The power of revision conferred on the Commissioner by section 263 of the Act to call for and examine the record of any proceeding under the Act and to interfere "if he considers that any order passed therein by the Income tax Officer is erroneous in so far as it is prejudicial to the interest of the revenue" does not empower the Commissioner to interfere with any order passed by the Appellate Assistant Commissioner. Therefore, if any order of the Income -tax Officer had merged in the order passed in appeal by the Appellate Assistant Commissioner, the same cannot be set aside in revision by the Commissioner. The argument of the learned Standing Counsel for the Department however is that in the instant case the appeal before the Appellate Assistant Commissioner against the order of assessment passed by the Income tax Officer was on the limited question of disallowance of certain expenses and it cannot, therefore, be said that the entire order of assessment had merged with the order of the Appellate Assistant Commissioner and, therefore the Commissioner could revise the order of the Income -tax Officer without disturbing the points decided by the Appellate Assistant Commissioner. In our opinion, there is no merit in this argument. It is true that (he only point raised by the assessee before the Appellate Assistant Commissioner against the order of assessment passed by she Income -tax Officer related to the disallowance of certain expenses but the effect of the order of tile Appellate Assistant Commissioner was to reduce for taxable turnover and thereby to modify the order of assessment passed by the Income -tax Officer setting aside of the order of assessment as was done in the revision by the Additional Commissioner necessarily resulted in setting aside of the order of the Appellate Assistant Commissioner and as the power of revision was not available against the order of the Appellate Assistant Commissioner, the order of assessment could not be set aside by the Additional Commissioner. The learned Standing Counsel relied upon the case of Singho Mica Mining Ca. Ltd v. Commissioner of Income -tax, Central, Calcutta 111 ITR 231, in this case, the Income -tax Officer had omitted to charge interest under section 217 and the Commissioner in revision directed the Income -tax Officer to compute and recover interest although in the mean time the order of assessment had been the subject matter of appeal before the Appellate Assistant Commissioner. The Calcutta High Court held that the merger of the order of assessment was only in respect of matters which were taken up in appeal and as the question of charging of interest was not involved in appeal, the Commissioner could direct the Income -tax Officer to charge interest under section 217. It will be noticed that in this case the Commissioner had not set side the order of assessment passed by the Income -tax Officer which was the subject -matter of appeal. The order of the Commissioner directing the Income tax Officer to compute and recover interest was passed without disturbing the order of assessment. In the instant case, the Additional Commissioner in revision set aside the order of assessment passed by the Income -tax Officer. The case of the Calcutta High Court is, therefore, distinguishable and is not applicable. We will again refer to the decision of the Calcutta High Court for examining the question whether the Commissioner can pass an order in revision directing the Income -tax Officer to compute and recover interest without disturbing the order of assesment.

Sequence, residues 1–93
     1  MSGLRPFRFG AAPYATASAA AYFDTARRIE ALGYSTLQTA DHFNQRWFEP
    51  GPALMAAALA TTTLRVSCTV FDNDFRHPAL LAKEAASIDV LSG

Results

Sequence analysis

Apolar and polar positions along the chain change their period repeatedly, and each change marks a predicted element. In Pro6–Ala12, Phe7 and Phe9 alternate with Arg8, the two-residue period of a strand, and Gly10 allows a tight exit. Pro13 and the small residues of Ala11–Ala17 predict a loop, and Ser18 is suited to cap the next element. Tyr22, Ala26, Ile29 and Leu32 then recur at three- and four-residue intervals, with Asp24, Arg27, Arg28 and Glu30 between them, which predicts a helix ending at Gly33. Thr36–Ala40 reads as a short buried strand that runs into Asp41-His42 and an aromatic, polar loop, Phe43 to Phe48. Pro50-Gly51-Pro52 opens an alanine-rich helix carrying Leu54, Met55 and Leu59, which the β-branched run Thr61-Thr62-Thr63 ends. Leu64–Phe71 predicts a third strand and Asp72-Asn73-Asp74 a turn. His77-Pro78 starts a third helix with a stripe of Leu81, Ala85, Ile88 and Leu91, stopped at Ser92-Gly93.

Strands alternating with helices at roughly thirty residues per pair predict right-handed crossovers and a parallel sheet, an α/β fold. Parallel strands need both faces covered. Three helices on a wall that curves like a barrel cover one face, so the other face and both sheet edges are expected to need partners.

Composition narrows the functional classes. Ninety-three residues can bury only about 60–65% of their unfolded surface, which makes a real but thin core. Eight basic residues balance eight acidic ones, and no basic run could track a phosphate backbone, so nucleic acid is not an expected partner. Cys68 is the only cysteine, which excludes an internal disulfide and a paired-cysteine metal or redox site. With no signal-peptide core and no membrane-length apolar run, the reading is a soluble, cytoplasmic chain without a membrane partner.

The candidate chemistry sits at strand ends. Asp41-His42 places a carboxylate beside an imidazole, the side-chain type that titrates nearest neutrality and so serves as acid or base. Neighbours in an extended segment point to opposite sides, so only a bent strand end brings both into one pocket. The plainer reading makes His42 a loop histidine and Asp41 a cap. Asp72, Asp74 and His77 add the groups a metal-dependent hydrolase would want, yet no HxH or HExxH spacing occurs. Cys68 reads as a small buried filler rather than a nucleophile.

(3.)THE Income -tax Officer's jurisdiction to impose penalty under section 273 (c) of the Act arises if he "in the course of any proceeding in connection with the regular assessment" is satisfied that the assessee has without reasonable cause failed to furnish an estimate of the advance tax payable by him in accordance with the provisions of sub -section (3 -A) of section 212. The words "in the course of any proceeding" have been the subject -matter of interpretation by the Supreme Court and it is settled that the necessary satisfaction conferring jurisdiction on the Income tax Officer to impose penalty has to be reached before passing the order of assessment [see Commissioner of Income -tax Madras and another v. S.V. Angidi Chattiar 44 ITR 739, and D.M. Manasvi v. Commissioner of Income -tax, Gujarat II 86 ITR 557 To put it differently, the Income -tax Officer has no jurisdiction to impose penalty under section 273 if he omits to record his satisfaction before completing the assessment. If an order of assessment is passed without recording the satisfaction that circumstances exist for imposition of penalty when such a satisfaction should have been recorded the Commissioner can in the exercise of his power of revision under section 263 set aside the assessment and direct the Income -tax Officer to make a fresh assessment after taking into account the circumstances which make out a case for imposition of Penalty An order of assessment which does not record the satisfaction of the Income -tax Officer regarding the existence of circumstances making out a case for imposition of penalty when it is clear that such circumstances do exist will be an order prejudicial to the interest of the revenue because after the order of assessment the Income -tax Officer will have no jurisdiction to impose penalty. The Commissioner in such a case in exercise of his revisional power has to set aside the order of assessment to enable the Income -tax Officer to initiate penalty proceedings. The case of Additional Commissioner of Income -tax Bhopal v. Indian Pharmacueticals, Indore is a case of this type. The difficulty in the instant case, however, is that the order of assessment passed by the Income -tax Officer cannot be set aside in revision for the reason that it would result in setting aside the order of the Appellate Assistant Commissioner -passed in appeal. It necessarily follows that it was not open to the Additional Commissioner to set aside the assessment order passed by the Income -tax Officer and to direct him to make a fresh assessment keeping in mind the provisions of section 273 (c). The Additional Commissioner could not have also directed the Income -tax Officer to initiate proceedings for _ imposition of penalty under section 273 (c) without setting aside the order of assessment for the reason that the Income -tax Officer had no jurisdiction after the order of assessment to initiate penalty proceedings as he had not recorded his satisfaction at or before the passing of the order of the assessment that the circumstances existed which made out a case for initiation of penalty proceeding.